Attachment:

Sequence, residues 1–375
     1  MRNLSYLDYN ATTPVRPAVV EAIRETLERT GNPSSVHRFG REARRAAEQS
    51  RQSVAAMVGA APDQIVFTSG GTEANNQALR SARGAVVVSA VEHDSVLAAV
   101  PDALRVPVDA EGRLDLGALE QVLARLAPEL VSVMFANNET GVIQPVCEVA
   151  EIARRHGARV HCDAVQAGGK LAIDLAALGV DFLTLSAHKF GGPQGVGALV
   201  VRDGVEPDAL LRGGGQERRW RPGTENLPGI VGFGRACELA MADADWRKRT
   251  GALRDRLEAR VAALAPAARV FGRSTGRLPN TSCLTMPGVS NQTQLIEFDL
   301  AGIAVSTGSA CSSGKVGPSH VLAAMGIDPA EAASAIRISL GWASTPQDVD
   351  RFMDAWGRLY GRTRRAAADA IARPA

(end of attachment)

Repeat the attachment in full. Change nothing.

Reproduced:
Sequence, residues 1–375
     1  MRNLSYLDYN ATTPVRPAVV EAIRETLERT GNPSSVHRFG REARRAAEQS
    51  RQSVAAMVGA APDQIVFTSG GTEANNQALR SARGAVVVSA VEHDSVLAAV
   101  PDALRVPVDA EGRLDLGALE QVLARLAPEL VSVMFANNET GVIQPVCEVA
   151  EIARRHGARV HCDAVQAGGK LAIDLAALGV DFLTLSAHKF GGPQGVGALV
   201  VRDGVEPDAL LRGGGQERRW RPGTENLPGI VGFGRACELA MADADWRKRT
   251  GALRDRLEAR VAALAPAARV FGRSTGRLPN TSCLTMPGVS NQTQLIEFDL
   301  AGIAVSTGSA CSSGKVGPSH VLAAMGIDPA EAASAIRISL GWASTPQDVD
   351  RFMDAWGRLY GRTRRAAADA IARPA